A couple of weeks ago I got a note from a reader.

It was one of the kindest, most thoughtful notes I’d ever received…but she was writing to tell me why she was unsubscribing from my email list.

She said she loved hearing my stories each week, but she just couldn’t stand my liberal use of the F-word.

She felt that the swear words I used affected the poignancy of my message and diminished my professionalism.

I thought long and hard about this note. It gave me pause.

I thought about what would happen to my blogs and programs if I removed the F-word from all of them. Would they still be strong? Fierce? Powerful? Absolutely they would. And yet…

Something in me knew with a fiery certainty that there was a reason I use the word ‘fucking’ so deliberately, and I realized that I haven’t ever explicitly said WHY.

Years ago, I landed on “epic fucking badass” as my own personal mantra during a bitterly hard time in my own life. I didn’t feel strong or fierce at all; I felt scared and beaten down. So I claimed the fierce transgressive energy of that phrase to give me strength. To give me momentum. To help me keep going when I didn’t think I could.

And it worked.

I did things I did not think I could do; I was braver than I thought I’d have to be; and I walked out of that fire stronger and fiercer and tested.

In order to get through that time, I couldn’t be a good girl. Or a nice lady. I had to be a fierce, wise, transgressive woman. I had to step outside of the role of compliant and agreeable femininity. And the phrase “epic fucking badass” was like a vitamin I took to help me do exactly that.

Like many of us, I absorbed a bunch of myths about what it means to be female. I didn’t know that’s what was happening, of course– the power of tribal beliefs is that they are almost invisible to the very people who believe them. I absorbed ideas like:

  • Work hard, and someone will reward you
  • Be pretty, and a strong man will rescue you
  • Be nice, and you’ll be safe in our society
  • Don’t make waves, and you’ll be ok
  • Don’t talk when men are talking
  • You’re a girl, which means you are less-than
  • But you can still be second place, so be grateful
  • You don’t get a say on the important things
  • Know your place, woman
  • Be pretty but don’t be sexy or bad things will happen
  • Don’t be too big, you’ll make people uncomfortable
  • Be good, and you’ll be safe.
  • Be good, and you’ll be safe.
  • Be good, and you’ll be safe.

Be good.

Every day, I talk to women who are still trying SO hard to be good. They are busting ass to be kind enough, pretty enough, polite enough, generous enough just to be okay.

I talk with women who are so angry, because they followed the rules. They were so, so good.

But it did not guarantee them success, and it did not guarantee them safety.

Good girls still get catcalled. They get leered at. They get assaulted. They get screwed over in court. They don’t get promoted. They get ignored in meetings.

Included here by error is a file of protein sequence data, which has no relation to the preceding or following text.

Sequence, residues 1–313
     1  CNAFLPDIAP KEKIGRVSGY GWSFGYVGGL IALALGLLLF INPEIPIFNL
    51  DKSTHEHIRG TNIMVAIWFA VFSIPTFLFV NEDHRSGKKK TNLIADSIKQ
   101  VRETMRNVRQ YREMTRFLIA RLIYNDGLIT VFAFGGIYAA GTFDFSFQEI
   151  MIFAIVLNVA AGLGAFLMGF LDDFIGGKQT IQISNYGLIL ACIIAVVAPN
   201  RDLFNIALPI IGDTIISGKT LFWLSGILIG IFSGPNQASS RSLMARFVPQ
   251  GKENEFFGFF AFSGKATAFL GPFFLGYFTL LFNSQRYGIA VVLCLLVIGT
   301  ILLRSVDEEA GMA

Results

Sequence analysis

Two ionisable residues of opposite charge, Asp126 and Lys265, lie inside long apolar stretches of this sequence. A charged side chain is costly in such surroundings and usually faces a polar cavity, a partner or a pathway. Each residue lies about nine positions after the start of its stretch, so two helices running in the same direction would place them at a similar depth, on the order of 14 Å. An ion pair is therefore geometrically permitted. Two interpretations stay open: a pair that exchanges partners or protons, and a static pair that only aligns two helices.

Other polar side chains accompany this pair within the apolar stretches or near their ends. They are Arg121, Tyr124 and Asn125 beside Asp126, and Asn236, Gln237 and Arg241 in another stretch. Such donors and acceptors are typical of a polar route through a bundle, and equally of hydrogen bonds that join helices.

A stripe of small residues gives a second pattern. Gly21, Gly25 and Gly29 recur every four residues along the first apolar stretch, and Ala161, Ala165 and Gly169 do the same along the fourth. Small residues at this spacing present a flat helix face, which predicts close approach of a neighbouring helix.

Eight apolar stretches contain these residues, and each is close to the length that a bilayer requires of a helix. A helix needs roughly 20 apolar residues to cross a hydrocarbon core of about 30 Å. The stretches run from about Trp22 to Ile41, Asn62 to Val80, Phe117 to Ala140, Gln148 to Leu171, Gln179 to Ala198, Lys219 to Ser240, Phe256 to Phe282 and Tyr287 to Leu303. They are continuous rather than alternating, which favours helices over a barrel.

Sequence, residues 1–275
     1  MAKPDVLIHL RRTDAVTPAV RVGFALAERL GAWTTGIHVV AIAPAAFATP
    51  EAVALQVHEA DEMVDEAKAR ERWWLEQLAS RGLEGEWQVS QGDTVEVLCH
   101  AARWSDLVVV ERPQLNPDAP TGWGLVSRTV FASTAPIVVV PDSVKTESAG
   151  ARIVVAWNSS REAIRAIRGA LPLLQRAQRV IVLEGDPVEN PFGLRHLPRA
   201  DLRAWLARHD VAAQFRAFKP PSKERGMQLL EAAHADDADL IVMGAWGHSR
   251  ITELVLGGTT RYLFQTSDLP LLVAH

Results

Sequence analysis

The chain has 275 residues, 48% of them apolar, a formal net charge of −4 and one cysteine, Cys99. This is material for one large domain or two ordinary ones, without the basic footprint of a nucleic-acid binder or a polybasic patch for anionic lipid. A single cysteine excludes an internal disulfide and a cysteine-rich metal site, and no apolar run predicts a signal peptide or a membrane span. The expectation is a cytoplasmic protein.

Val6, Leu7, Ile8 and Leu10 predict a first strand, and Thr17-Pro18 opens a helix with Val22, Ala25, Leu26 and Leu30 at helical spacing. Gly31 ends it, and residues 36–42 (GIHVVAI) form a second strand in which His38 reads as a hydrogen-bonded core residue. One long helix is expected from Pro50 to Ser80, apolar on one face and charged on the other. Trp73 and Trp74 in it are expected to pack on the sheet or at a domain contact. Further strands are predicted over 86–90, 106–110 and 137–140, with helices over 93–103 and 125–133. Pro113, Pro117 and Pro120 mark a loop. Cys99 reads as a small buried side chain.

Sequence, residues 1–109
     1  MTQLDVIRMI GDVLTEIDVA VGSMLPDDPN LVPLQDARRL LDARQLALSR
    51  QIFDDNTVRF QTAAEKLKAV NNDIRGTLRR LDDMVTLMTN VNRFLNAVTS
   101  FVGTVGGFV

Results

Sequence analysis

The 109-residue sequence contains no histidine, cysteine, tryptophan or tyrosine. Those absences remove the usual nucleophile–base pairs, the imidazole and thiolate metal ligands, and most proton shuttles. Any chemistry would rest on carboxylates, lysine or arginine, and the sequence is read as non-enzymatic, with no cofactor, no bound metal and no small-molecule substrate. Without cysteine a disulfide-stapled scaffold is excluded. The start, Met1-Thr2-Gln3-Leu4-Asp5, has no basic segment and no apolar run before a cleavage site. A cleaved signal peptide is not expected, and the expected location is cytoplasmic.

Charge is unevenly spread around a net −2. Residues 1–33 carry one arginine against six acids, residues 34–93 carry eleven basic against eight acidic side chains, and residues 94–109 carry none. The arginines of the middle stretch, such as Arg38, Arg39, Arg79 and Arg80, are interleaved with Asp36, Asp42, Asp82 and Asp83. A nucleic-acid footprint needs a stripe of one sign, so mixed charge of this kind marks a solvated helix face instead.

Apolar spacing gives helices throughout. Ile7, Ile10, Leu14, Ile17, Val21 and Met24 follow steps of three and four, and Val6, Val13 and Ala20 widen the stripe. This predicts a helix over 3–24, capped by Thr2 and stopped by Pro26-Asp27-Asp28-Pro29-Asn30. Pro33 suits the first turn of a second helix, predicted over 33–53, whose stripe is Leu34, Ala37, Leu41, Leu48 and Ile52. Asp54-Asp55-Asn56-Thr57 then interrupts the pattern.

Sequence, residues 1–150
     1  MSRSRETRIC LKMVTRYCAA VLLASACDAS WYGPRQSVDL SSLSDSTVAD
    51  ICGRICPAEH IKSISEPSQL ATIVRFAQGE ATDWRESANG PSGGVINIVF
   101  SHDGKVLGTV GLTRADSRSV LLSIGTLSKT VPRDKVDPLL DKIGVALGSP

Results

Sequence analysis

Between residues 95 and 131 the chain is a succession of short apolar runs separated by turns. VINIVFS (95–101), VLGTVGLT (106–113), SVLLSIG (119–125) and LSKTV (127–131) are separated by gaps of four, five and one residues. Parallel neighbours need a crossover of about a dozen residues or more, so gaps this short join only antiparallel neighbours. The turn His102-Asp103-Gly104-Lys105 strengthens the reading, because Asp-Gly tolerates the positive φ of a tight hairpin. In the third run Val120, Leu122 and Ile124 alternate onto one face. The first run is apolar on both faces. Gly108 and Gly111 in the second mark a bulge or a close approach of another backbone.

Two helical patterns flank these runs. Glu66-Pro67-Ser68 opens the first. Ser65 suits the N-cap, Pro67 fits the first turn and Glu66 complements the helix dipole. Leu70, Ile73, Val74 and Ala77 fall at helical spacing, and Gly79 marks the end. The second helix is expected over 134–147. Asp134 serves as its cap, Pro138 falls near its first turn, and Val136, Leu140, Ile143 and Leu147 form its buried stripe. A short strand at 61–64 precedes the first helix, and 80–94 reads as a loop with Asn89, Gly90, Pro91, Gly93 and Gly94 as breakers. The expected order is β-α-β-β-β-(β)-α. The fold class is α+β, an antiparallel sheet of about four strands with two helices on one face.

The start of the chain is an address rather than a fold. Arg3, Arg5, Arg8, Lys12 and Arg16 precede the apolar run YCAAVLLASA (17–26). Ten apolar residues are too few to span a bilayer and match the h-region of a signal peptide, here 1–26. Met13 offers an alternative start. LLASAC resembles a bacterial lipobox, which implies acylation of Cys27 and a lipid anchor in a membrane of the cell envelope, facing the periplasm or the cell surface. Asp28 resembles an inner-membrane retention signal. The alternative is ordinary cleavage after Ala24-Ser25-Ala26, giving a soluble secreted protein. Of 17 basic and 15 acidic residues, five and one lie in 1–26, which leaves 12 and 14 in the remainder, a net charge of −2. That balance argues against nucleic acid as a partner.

We have to go back to that old belief, the one handed down by a great-great-great-grandmother who whispered in fear to a daughter, “Just be good. Don’t make them mad. Keep your head down.” In certain times and places, that is good advice. In fact, it’s the only advice there is.

But it’s time for us to outgrow that advice.

I watched Little Women with my oldest daughter last night, and as always, I choked up when Marmee said, “I so wish I could give my girls a more just world. But I know you’ll make it a better place.”

I cried for all the ways it is still unjust– and I cried for the justice that we now have that the women before us didn’t.

We can vote. Work. Own property. Have custody of our children. Keep our names. Have our own bank accounts. Decide who to marry and divorce. We can choose to exercise our sexuality without fear of stoning or 14 successive babies.

And yet, my loves. Yet.

We still see blatant disrespect for women in the workplace, on tv, even coming from the mouth of our president-elect. I can’t promise my girls that if they are good, they will be safe. I can’t even promise them that if something bad happens, any level of the legal system will protect them.

I don’t want my girls to be good.

I want them to be whole.

And in order to be whole, we must embrace our fierceness. We must transgress the rules in our head that still whisper down through our emotional DNA that if we are just nice and kind and sweet and pretty enough, we will be protected and taken care of. That is not how it works.

And one of the ways I remind myself to claim and live in this strong, fierce place of womanhood is by reclaiming language that was originally used to demean me. I place myself squarely outside of the role of ‘good girl,’ with its false promises.

Call me a bitch? I will own that strong, fierce part of me that scares you.

Laugh about grabbing a pussy? This pussy will grab back.

Use my sisters’ bodies roughly? I will stand up and tell you to fucking stop it.

Belittle me as a slut? I will laugh and relish how I am in charge of my own sexuality.

Spit the word cunt at me? I own all the parts of me, and I am not diminished.

I will work tirelessly to change our world.

I know you will too.

THIS IS NOT A TASK FOR GOOD GIRLS.

It’s a task for the love warriors, the epic fucking badasses, the wise women.

So I will keep my F-bombs. If they make you or me even a little bit stronger, a little bit fiercer, they are worth it.

We need all our tenderness. But we also need our fierceness. So bring them both to the table, dearheart.

much love,

Anna